Article Text

Download PDFPDF

  1. M. Torgutalp1,
  2. V. Rios Rodriguez1,
  3. M. Verba1,
  4. M. Protopopov1,
  5. F. Proft1,
  6. J. Rademacher1,2,
  7. H. Haibel1,
  8. M. Rudwaleit3,
  9. J. Sieper1,
  10. D. Poddubnyy1,4
  1. 1Charité – Universitätsmedizin Berlin, Division of Gastroenterology, Infectious Diseases and Rheumatology, Berlin, Germany
  2. 2Berlin Institute of Health,., Berlin, Germany
  3. 3Klinikum Bielefeld, Department of Internal Medicine and Rheumatology, Bielefeld, Germany
  4. 4Deutsches Rheuma-Forschungszentrum Berlin (DRFZ), Epidemiology Unit, Berlin, Germany


Background: Observational cohort studies have shown that there is low, but still detectable progression level in radiographic sacroiliitis, which might also have an impact on the function in patients with axial spondyloarthritis (axSpA). Recent data showed that tumor necrosis factor inhibitors (TNFi) might retard spinal progression when initiated earlier and taken longer in patients with axSpA. However, the question of whether they also have such an effect on radiographic progression in sacroiliac joints (SIJs) is still unclear.

Objectives: To investigate the longitudinal association between radiographic sacroiliitis progression and treatment with TNFi in patients with early axial SpA in a long-term inception cohort.

Methods: Based on the availability of at least two sets of SIJ radiographs, 301 patients (166 with nr-axSpA, symptom duration ≤5 years and 135 with r-axSpA, symptom duration ≤10 years) from the German Spondyloarthritis Inception Cohort (GESPIC) were included in this analysis. These patients contributed with a total of 737 2-year radiographic intervals. Two trained and calibrated central readers scored the radiographs according to the modified New York criteria. If both scored an image as definite radiographic sacroiliitis, the patient was classified as having r-axSpA. The sacroiliac sum score was calculated as a mean of both readers. The association between previous as well as current TNFi use and radiographic sacroiliitis progression, which was defined as the change in the sacroiliitis sum score over 2 years, was analysed using longitudinal generalized estimating equations (GEE) analysis.

Results: At baseline, 9 (3.0%) patients were treated with a TNFi, and 87 (28.9%) patients received at least one TNFi during the entire follow-up period. A total of 141 of the radiographic intervals were covered with TNFi of any duration, while 109 of them were covered with a TNFi of at least 12 months. While receiving ≥12 months TNFi in the previous interval was associated with a lower progression of the sacroiliitis sum score compared to not receiving TNFi in the previous interval, this was not the case in patients who received TNFi ≥12 months in the current 2-year interval (Figure 1). The significant association between TNF ≥12 months in the previous interval and progression in the sacroiliitis sum score were confirmed in the adjusted multivariable longitudinal GEE analysis. In addition, a similar trend for the beneficial effects was observed in different models, which included other treatment definitions with TNFi in the previous 2-year interval (Table).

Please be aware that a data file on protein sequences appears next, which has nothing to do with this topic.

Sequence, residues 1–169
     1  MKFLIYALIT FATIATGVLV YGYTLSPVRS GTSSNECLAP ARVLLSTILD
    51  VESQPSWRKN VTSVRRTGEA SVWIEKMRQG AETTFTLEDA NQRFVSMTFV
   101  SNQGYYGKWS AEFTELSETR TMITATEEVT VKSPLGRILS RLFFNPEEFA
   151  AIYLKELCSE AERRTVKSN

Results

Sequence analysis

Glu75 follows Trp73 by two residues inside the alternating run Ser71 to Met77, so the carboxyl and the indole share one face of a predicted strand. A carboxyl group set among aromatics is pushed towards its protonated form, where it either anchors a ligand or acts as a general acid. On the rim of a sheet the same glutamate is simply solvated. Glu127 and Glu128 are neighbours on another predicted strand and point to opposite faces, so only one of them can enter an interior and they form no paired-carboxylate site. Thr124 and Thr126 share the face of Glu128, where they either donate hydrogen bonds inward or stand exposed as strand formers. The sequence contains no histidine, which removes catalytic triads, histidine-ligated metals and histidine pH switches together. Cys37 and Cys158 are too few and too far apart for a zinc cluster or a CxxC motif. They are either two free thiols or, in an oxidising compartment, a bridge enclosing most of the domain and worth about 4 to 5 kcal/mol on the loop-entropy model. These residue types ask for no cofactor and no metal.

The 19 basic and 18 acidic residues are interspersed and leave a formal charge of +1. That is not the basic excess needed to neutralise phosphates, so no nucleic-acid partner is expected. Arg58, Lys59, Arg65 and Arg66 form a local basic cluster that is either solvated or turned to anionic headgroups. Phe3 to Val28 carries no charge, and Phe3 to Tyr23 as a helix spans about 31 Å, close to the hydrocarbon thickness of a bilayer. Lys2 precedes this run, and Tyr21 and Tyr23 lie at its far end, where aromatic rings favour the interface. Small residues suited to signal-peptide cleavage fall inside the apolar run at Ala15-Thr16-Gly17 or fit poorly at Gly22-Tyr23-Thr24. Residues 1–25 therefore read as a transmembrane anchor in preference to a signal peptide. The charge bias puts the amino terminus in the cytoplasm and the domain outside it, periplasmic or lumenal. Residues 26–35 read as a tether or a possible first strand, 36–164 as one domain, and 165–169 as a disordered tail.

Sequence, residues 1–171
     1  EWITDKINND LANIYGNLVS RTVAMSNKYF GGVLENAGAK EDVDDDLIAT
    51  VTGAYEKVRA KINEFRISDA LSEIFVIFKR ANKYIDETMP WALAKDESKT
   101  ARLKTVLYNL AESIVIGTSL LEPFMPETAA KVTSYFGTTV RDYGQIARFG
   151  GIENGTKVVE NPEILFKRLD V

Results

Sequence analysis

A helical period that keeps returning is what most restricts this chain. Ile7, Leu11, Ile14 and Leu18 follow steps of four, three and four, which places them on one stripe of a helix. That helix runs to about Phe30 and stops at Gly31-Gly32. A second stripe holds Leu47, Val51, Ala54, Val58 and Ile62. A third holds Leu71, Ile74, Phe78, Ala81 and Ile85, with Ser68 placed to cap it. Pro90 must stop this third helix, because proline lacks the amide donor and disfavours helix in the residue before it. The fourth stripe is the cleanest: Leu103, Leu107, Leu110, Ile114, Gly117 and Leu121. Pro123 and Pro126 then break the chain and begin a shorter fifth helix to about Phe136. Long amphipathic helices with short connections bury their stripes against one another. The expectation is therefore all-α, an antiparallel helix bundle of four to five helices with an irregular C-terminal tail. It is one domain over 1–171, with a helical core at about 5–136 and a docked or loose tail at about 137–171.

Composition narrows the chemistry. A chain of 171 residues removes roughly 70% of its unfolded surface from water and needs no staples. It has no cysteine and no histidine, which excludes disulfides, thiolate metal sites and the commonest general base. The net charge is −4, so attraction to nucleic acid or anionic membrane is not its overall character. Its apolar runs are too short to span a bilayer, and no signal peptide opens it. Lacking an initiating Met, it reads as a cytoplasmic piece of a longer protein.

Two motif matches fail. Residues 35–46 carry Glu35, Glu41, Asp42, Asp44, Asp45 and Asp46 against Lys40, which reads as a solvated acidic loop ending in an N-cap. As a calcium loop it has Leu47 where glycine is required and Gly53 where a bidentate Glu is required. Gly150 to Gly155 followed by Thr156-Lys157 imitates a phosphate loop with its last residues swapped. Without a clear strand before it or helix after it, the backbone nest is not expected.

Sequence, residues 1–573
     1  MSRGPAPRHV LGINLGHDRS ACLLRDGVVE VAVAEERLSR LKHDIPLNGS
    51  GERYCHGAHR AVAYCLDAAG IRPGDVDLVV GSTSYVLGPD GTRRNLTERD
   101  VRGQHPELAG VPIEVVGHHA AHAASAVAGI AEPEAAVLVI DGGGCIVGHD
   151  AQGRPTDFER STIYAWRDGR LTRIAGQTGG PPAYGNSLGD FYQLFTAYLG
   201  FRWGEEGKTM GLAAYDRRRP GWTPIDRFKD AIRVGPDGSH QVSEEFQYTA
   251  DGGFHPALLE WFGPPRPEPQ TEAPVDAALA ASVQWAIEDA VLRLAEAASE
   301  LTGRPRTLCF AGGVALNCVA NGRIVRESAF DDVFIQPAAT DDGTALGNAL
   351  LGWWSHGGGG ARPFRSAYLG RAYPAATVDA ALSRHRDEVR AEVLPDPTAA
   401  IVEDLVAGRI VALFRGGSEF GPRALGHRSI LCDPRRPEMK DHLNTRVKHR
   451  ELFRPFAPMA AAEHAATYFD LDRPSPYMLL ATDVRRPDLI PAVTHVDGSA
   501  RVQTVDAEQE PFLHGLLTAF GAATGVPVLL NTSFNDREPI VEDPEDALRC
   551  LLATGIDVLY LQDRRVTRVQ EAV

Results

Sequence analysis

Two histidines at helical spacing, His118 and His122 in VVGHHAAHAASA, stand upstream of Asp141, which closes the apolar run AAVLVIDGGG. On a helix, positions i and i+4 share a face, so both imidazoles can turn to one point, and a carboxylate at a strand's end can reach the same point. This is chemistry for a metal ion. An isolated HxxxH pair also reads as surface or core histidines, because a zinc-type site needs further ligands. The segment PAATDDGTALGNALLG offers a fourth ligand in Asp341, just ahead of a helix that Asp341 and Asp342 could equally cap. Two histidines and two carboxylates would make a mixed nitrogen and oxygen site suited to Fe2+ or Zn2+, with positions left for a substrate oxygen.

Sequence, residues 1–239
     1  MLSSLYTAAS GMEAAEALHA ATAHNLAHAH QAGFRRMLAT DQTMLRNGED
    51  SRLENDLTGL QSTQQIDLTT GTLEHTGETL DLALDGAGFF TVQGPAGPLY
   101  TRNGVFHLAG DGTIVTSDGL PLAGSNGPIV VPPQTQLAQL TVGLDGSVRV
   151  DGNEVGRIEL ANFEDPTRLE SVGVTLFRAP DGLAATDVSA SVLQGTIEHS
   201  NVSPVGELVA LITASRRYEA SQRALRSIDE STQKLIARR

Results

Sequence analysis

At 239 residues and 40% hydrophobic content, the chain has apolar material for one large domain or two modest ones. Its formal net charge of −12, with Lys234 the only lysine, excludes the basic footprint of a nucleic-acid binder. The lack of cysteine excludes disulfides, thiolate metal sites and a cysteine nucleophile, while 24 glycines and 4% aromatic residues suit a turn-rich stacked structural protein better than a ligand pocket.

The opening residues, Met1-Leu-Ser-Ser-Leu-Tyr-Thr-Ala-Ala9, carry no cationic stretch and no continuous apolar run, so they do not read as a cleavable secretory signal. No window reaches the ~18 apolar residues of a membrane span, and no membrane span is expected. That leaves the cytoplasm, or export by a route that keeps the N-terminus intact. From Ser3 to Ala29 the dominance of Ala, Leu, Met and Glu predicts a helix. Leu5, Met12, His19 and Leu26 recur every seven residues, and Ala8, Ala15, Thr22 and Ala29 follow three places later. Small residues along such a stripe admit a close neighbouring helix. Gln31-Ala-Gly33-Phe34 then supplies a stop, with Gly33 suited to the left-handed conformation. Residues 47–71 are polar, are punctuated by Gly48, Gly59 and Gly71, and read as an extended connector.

Table 1.

The longitudinal GEE analysis of the association between progression in the sacroiliitis sum score and TNFi use.

Conclusion: Treatment with TNFi was associated with retardation of radiographic sacroiliitis progression in patients with axSpA. This effect becomes evident between 2 and 4 years after treatment initiation.

Acknowledgements: GESPIC was initially supported by the BMBF. As a consequence of the funding reduction by BMBF according to schedule in 2005 and stopped in 2007, complementary financial support has been obtained also from Abbott, Amgen, Centocor, Schering–Plough, and Wyeth. Starting from 2010, the core GESPIC cohort was supported by AbbVie.

Disclosure of Interests: Murat Torgutalp: None declared, Valeria Rios Rodriguez: None declared, Maryna Verba: None declared, Mikhail Protopopov: None declared, Fabian Proft: None declared, Judith Rademacher: None declared, Hildrun Haibel: None declared, Martin Rudwaleit Consultant of: AbbVie, BMS, Celgene, Janssen, Eli Lilly, MSD, Novartis, Pfizer, Roche, UCB Pharma, Joachim Sieper: None declared, Denis Poddubnyy Speakers bureau: AbbVie, Bristol-Myers Squibb, Lilly, MSD, Novartis, Pfizer, and UCB, Consultant of: AbbVie, Biocad, Gilead, GlaxoSmithKline, Eli Lilly, MSD, Novartis, Pfizer, Samsung Bioepis, and UCB, Grant/research support from: AbbVie, MSD, Novartis, and Pfizer

Statistics from

Request Permissions

If you wish to reuse any or all of this article please use the link below which will take you to the Copyright Clearance Center’s RightsLink service. You will be able to get a quick price and instant permission to reuse the content in many different ways.